KOBI-GUDAURI CABLE CAR

    It’s also possible to get to Kobi via the Kobi-Gudauri cable car/ropeway, which usually operates in summer as well as the winter ski season. This connects Gudauri on the southern side of Jvari Pass with Kobi on the northern side and takes about 15 minutes. In summer it operates from 1000 – 1800 and costs 30 GEL return.

    WHERE TO STAY IN KAZBEGI (STEPANTSMINDA)

    WHERE TO STAY IN KAZBEGI

    (STEPANTSMINDA)

    Kazbegi (Stepantsminda) makes a good base for visiting the region. There are numerous accommodation options ranging from homely guesthouses to swish hotels, and even a funky campsite. It also has the best transport links and tourist services, like restaurants, bars, and travel agencies.

    BEST MT. KAZBEK VIEWS

    If you’re looking for the best Mt. Kazbek views, opt for somewhere a little north of the town square such as North Kazbegi, or somewhere up the hillside on the east of town, for example Guesthouse Elia, Wooden Hotel Kazbegi, Sabuka Qushashvili or Kazbegi View. Stunning design hotel Rooms Kazbegi arguably has the best view of all, and an enormous terrace from which to enjoy it. Elia Loft has three gorgeous A-Frame houses in a lovely forest setting.

    Sunrise view of Mt. Kazbek and Gergeti Holy Trinity Church from Kazbegi (Stepantsminda) in Georgia

    Sunrise view of Mt. Kazbek and Gergeti Holy Trinity Church from Kazbegi (Stepantsminda)



    Sunrise view of Mt. Kazbek and Gergeti Holy Trinity Church from Kazbegi (Stepantsminda) in Georgia

    Sunrise view of Mt. Kazbek and Gergeti Holy
    Trinity Church from Kazbegi (Stepantsminda)



    ON THE MAIN ROAD

    If you want to avoid walking up hills, choose somewhere along the main road such as Wooden Guesthouse or Traveler Kazbegi Guesthouse. Both are very conveniently located close to the Tbilisi marshrutka stand, shops, restaurants, travel agencies, and so on.

    GERGETI VILLAGE

    There are also plenty of accommodation options in Gergeti Village, which is across the river from Kazbegi and close to the trailhead for the Gergeti Trinity Church and Gergeti Glacier hike. Views from here overlook Kazbegi town and the mountains rising behind (not Mt Kazbek and Gergeti Trinity Church). Options include Guesthouse Ketino Sujashvili, Home of Bella & Tamo, Red Stone Guesthouse, and Kazbegi Cabins.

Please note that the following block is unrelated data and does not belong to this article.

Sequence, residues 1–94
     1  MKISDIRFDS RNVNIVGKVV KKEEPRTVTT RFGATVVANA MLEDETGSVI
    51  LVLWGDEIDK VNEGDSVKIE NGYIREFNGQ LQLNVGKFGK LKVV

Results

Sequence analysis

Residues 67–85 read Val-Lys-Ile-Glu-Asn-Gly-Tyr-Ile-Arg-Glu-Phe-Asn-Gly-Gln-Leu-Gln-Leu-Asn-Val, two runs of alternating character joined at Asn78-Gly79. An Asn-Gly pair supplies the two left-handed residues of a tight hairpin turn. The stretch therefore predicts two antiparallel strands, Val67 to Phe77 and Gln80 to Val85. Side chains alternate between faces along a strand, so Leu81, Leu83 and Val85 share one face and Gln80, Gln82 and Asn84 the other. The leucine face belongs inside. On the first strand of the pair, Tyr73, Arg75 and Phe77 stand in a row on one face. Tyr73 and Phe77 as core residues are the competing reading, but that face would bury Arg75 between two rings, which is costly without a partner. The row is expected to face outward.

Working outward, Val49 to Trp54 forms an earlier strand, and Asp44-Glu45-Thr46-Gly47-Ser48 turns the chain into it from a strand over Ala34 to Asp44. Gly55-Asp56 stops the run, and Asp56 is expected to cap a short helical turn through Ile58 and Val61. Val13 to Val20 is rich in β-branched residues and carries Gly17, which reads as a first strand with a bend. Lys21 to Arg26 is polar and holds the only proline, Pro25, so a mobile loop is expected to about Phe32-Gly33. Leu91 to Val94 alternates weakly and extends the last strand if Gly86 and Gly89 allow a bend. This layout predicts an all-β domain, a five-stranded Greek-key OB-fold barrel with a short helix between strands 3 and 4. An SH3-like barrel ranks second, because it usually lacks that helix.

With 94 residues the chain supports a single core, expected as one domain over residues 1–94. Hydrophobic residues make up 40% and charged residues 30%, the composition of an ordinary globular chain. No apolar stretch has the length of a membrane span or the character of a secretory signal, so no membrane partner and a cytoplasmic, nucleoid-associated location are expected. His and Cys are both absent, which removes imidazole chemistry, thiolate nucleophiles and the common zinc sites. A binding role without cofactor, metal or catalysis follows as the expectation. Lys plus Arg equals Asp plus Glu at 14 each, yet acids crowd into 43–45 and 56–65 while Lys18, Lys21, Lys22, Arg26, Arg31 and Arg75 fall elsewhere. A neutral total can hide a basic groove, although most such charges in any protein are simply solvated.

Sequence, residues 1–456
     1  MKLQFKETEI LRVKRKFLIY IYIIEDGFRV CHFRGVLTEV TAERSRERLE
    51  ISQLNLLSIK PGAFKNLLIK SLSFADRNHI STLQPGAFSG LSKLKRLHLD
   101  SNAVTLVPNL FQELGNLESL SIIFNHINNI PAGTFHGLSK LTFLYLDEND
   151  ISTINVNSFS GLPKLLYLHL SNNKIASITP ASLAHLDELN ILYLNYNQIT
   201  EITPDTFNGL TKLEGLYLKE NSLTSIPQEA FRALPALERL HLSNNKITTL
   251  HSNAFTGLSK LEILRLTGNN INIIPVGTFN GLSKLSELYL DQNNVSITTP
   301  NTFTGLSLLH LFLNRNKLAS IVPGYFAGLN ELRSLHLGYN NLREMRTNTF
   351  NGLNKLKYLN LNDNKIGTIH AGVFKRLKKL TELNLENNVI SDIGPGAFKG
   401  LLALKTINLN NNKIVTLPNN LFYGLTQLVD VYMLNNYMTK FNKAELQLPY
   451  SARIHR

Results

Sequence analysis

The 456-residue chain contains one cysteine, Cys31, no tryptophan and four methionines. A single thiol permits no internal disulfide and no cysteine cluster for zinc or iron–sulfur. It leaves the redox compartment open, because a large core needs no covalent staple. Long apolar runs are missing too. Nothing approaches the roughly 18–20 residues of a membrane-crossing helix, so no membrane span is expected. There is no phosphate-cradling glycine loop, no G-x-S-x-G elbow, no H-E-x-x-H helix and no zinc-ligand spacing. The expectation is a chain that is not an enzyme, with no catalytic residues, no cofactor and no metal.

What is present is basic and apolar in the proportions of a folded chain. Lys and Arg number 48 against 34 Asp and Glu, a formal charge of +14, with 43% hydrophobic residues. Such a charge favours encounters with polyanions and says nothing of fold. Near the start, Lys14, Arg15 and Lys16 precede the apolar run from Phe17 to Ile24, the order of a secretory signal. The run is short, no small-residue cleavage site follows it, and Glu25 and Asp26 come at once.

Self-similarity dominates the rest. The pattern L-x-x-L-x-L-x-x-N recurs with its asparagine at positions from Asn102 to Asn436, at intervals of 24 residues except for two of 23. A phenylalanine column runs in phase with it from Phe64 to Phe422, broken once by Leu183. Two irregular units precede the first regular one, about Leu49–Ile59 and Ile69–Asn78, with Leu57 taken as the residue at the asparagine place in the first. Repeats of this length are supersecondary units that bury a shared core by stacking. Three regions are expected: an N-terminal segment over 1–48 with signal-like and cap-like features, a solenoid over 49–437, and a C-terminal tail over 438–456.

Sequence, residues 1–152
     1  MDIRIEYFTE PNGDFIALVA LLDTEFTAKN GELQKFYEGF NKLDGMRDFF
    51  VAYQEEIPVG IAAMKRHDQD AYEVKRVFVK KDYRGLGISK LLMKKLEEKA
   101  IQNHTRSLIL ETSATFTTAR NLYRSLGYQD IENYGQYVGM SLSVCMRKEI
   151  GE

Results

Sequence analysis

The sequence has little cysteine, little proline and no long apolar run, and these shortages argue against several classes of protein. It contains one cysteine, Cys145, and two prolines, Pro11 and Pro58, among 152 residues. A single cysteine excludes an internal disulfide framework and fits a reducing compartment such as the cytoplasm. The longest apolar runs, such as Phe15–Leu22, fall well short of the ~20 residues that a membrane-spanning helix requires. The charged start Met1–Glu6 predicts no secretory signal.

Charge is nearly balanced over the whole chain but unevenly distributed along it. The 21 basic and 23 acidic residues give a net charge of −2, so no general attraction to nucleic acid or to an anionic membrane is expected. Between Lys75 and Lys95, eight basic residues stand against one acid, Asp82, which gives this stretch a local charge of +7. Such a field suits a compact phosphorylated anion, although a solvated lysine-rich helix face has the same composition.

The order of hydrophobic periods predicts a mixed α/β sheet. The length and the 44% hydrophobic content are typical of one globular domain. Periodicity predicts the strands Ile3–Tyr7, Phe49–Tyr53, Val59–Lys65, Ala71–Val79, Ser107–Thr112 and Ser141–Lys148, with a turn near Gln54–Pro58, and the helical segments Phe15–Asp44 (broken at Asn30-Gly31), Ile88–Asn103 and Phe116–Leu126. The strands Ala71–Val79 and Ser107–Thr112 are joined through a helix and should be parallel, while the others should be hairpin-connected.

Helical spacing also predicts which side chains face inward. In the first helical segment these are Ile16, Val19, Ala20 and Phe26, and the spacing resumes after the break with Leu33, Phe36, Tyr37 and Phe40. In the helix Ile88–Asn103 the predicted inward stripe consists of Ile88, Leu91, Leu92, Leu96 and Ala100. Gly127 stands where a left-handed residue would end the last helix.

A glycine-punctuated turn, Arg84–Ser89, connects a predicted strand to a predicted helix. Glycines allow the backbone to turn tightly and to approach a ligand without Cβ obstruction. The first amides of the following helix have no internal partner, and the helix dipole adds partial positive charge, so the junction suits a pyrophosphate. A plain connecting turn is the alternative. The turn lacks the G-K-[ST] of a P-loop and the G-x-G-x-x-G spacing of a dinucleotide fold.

CAMPING

    For camping, check out Camp at Kuro, a little north of the town.

    FIND MORE KAZBEGI ACCOMMODATION HERE

    Booking.com

    ADD-ON TREKS/HIKES

    From Ketrisi, you may wish to explore more of Truso Valley before returning to Kvemo Okrokana, or trek there via Suatisi and Mna Valleys (note that you need to arrange a permit in advance).

    From Kazbegi, there are many places to explore and excellent day hikes, such as Gergeti Glacier. Juta Valley is also nearby, home to the impressive Chaukhi Massif and the starting point for the Juta to Roshka trek.

    COME JOIN US ON INSTAGRAM

    KELITSADI LAKE TREK

    That’s the lot. If you have any useful info to add or stories to share, get in touch through the comments section below. Equally, if you have any questions, let us know and we’ll do our best to answer them. And if you’re planning your own trek, good luck and enjoy!

    ORGANISE YOUR TRIP


    Booking.com

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    A Guide To The Kelitsadi Lake TrekA Guide To The Kelitsadi Lake TrekA Guide To The Kelitsadi Lake TrekA Guide To The Kelitsadi Lake Trek